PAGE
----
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Climate Crisis, ‘Smart’ Growth and the Logic of Calamity

by

A few years back at a Leftish gathering a group of self-described Marxist economists channeled liberal Democrat Paul Krugman’s explanation of the Great Recession without apparently knowing of Mr. Krugman’s thesis. Basically, a self-perpetuating recession had a grip on the economy, Wall Street was a catalyst of the crisis but ultimately only a bit player, money is economically ‘neutral,’ and government spending could raise demand and end the recession.

This is all standard fare in liberal economics. Within the circular logic of the genre, it circles just fine. What was odd was hearing it from self-described Marxists. Since Wall Street created the money that fueled the housing bubble and bust through predatory lending, how was its role not (1) pivotal and (2) political? If money is ‘neutral,’ why have financial asset prices responded so favorably (for their owners) to asset purchases by global central banks? And finally, where is the class analysis?

In similar fashion, UMASS Amherst economist Robert Pollin argued recently that capitalist economic production is necessary to maintain social wellbeing. The object of his disparagement is the suggestion that a planned reduction in economic growth (‘degrowth’) is the most probable way of resolving climate crisis. For the uninitiated, the contention that challenges to capitalist production will hurt ‘the little people’ has been a rhetorical tactic of capitalist economists for at least a century now.

Graph: Real (inflation-adjusted) Per Capita GDP is more than double today what it was in 1970. In the U.S. in 1970 mass starvation was notably absent. So people could conceivably not only get by if U.S. GDP were halved, but could thrive. The problems with doing so are (1) social complexity has been built into the political economy and (2) unwinding this complexity requires planning and the political will to do so. However, climate crisis poses the threat of unplanned degrowth of similar or greater magnitude. Source: St. Louis Federal Reserve.

Degrowth is an argument that climate crisis is inexorably linked to industrial production (graph below). Therefore, goes the argument, the way to prevent it is to greatly limit industrial production. The pushback to this reasoning tends toward: economic growth is built into the global economic order; ending, or even reversing, it would cause mass economic dislocations; these dislocations would hurt the most vulnerable in proportion to their vulnerability; therefore, reforms to temper the worst excesses of capitalist production are the only realistic path forward.

Of course, what is realistic depends on one’s analysis of the problem(s). If the problem can be resolved through reform then the question becomes: how likely are the necessary reforms? However, this latter question is equally applicable to more potentially radical solutions. So a starting point is to assess the problem, which fortunately at this point is well-trodden territory. Industrial production has caused a web of related environmental problems that are aggregating to the point of being globally disruptive, perhaps catastrophically so, unless remedies are found.

The predominant misdirection in American discourse is that environmental crisis is ‘anthropogenic,’ is caused by ‘man.’ This rhetorical tactic universalizes culpability for outcomes clearly attributable to industrial capitalism. Climate crisis is caused by greenhouse gas emissions that have accumulated since the onset of large-scale industrialization around 1850. Dead and dying oceans are caused by the toxic run-off of industrial farming and industrial methods of fishing (bottom-trawling). Air and groundwater have been catastrophically poisoned such that vast swathes of humanity reduce their lives with each breath of air and drink of water they take.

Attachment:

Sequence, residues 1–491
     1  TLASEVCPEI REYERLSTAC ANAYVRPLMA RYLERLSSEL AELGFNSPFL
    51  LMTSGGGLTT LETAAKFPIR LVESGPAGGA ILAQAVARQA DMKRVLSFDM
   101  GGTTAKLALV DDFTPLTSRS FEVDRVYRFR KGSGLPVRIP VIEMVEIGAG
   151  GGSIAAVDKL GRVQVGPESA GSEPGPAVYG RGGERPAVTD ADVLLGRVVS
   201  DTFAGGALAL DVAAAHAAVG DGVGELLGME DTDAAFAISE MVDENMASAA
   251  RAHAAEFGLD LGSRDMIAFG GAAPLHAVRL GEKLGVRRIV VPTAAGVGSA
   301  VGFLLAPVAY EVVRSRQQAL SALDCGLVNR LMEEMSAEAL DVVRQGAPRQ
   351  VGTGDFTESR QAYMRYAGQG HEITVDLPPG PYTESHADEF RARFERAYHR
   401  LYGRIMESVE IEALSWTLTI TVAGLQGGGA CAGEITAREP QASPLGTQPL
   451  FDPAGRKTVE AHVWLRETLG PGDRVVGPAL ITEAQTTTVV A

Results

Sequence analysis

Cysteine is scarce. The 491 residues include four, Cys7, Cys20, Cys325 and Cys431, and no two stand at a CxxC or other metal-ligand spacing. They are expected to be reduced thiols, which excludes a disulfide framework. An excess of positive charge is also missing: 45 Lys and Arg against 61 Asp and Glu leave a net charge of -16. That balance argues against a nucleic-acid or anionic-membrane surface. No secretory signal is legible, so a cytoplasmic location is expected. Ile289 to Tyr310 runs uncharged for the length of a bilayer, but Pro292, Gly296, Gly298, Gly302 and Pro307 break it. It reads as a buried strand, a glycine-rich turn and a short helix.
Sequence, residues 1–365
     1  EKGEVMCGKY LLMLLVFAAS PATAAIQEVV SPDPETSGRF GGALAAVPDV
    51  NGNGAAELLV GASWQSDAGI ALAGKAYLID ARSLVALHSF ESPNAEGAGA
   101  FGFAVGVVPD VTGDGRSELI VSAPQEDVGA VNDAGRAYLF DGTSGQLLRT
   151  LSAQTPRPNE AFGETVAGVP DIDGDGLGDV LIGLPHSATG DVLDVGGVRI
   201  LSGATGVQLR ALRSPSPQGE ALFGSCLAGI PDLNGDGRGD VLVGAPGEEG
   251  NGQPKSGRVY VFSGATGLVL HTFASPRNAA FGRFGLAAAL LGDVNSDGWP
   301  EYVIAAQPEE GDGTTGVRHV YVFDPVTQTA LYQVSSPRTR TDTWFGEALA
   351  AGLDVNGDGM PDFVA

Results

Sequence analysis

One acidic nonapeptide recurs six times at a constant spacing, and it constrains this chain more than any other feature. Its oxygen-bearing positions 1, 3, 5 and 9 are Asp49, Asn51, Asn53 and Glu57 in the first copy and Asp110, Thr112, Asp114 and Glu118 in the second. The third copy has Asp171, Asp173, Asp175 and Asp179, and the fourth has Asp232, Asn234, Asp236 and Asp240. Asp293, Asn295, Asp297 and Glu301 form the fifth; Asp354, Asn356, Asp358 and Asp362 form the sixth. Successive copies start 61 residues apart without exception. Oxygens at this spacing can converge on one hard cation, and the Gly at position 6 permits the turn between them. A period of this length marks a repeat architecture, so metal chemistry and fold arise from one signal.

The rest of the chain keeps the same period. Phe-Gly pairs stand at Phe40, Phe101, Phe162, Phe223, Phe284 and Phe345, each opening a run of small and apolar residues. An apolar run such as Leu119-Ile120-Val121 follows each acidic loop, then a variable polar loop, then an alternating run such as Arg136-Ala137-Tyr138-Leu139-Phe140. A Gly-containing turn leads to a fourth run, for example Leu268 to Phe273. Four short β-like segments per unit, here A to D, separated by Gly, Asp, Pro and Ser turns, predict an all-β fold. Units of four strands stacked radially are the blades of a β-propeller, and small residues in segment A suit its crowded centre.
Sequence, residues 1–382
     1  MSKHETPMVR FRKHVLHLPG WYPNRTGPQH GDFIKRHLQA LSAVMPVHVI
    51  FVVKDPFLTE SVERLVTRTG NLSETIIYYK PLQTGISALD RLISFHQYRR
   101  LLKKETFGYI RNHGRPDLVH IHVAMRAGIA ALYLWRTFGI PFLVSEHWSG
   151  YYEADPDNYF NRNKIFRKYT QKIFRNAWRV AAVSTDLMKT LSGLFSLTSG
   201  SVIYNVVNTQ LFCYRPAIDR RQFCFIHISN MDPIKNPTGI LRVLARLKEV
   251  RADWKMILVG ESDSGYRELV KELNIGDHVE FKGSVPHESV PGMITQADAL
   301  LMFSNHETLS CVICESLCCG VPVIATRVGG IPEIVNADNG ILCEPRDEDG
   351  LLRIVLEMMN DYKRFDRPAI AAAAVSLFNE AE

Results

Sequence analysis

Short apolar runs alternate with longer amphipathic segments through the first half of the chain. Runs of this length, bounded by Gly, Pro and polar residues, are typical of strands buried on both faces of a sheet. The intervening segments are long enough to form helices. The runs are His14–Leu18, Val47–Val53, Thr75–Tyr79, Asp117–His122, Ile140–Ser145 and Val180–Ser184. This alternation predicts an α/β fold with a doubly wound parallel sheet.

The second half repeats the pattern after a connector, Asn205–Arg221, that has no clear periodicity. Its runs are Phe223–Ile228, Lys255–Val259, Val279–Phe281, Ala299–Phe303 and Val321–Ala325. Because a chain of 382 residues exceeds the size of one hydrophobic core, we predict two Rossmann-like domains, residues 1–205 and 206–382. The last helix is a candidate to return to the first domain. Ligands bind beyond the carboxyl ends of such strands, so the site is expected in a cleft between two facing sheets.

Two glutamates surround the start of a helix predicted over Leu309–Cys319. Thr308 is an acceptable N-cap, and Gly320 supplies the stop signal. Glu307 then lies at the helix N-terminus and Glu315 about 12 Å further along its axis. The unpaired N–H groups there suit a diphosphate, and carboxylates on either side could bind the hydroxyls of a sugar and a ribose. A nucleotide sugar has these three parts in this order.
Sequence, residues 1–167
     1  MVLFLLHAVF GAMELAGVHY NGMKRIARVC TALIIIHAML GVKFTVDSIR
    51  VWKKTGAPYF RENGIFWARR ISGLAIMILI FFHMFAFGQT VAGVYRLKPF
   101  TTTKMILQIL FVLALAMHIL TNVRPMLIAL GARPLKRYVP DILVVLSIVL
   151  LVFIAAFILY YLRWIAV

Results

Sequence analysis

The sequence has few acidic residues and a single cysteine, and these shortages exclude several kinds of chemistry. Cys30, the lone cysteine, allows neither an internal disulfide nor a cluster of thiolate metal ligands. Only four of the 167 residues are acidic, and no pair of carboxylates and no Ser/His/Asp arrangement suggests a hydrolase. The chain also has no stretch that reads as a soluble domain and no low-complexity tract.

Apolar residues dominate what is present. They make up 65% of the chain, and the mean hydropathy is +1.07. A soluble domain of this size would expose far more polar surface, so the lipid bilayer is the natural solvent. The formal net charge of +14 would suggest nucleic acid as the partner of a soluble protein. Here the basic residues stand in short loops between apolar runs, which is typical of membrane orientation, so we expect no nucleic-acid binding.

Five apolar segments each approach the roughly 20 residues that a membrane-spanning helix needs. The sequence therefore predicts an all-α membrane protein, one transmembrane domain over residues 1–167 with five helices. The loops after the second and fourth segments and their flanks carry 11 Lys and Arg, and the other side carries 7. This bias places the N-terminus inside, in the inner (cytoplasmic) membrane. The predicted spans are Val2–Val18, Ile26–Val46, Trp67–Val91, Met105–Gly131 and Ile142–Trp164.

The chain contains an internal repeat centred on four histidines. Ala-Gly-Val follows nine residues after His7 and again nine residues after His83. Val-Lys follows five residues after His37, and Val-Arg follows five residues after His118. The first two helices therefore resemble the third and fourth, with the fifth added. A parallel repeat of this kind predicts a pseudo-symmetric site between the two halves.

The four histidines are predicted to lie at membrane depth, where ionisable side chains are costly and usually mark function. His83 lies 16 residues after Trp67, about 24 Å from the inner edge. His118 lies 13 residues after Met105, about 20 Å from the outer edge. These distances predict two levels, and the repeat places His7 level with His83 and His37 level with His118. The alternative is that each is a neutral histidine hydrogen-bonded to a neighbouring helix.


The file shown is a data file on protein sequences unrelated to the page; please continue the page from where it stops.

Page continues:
Graph: CO2 emissions, along with the other toxic excrescences, are a product of industrial production and industrial agriculture, not universal ‘man.’ Modern industrialization began in earnest with the second industrial revolution around 1850 and grew exponentially with the global ‘rebuilding’ that followed WWII. China overtook the U.S. in the 1990s as the predominant emitter of greenhouse gases. But much of the increase came from ‘outsourced’ production from the U.S. and Europe. Source: C2es.

Calls for ‘managed,’ or in the debased parlance of modern commerce-speak, ‘smart’ capitalism, proceed as a method of reasoning in search of a purpose. Economist John Maynard Keynes’ project to temper capitalism, launched to ameliorate the worst effects of the Great Depression, produced social compromise that traded ‘internal’ for ‘external’ imperial reach.  How much capitalism was actually tempered depended on which side of the imperial divide one lived on. This same strategy of technocratic parsing is very much at work in discourse on environmental resolution— problems are considered individually when their causes come from a common source. Within the global frame of climate crisis, geographically limited ‘solutions’ won’t work.

In the language of capitalist economics, ‘externalities’ are the intended, unintended consequences of capitalist production like greenhouse gas emissions and depleted oceans. They are intended in the sense that they are knowingly produced and unintended in that they are byproducts in the production of other goods. The sleight-of-hand used to sell capitalism has been to quantify the value of the goods produced while ignoring these byproducts. The capitalist ‘solution’ of putting a price on them assumes an improbable equivalence— how many iPhones equal drinkable water and breathable air, precisely?

Somewhat inconveniently for us humans, corporate profits rise when the costs of capitalist production are borne by others. Simple accounting arithmetic tells the story. Profits equal revenues minus costs; where externalities are a cost. If costs rise because corporations are forced to pay for their externalities, profits fall. If costs don’t rise because corporations can force their externalities onto others, profits are higher. But please note, in either case the externalities constitute costs. The question is: who pays? In a political system where wealth equates to political power (like the U.S.), capitalists are able to pollute with virtual impunity.

As it applies to global commerce, the phrase ‘race to the bottom’ encompasses a wish-list of capitalist cost-shifting. From the ‘external’ imperial reach of the 1950s – 1970s through passage of NAFTA and subsequent so-called ‘free-trade’ agreements, corporate control has superseded the nation-state frame of civil governance. Even after Democrats lost the recent national election U.S. President Barack Obama continued to push the TPP (Trans-Pacific Partnership) that contained language (ISDS) to solidify corporate control over civil governance.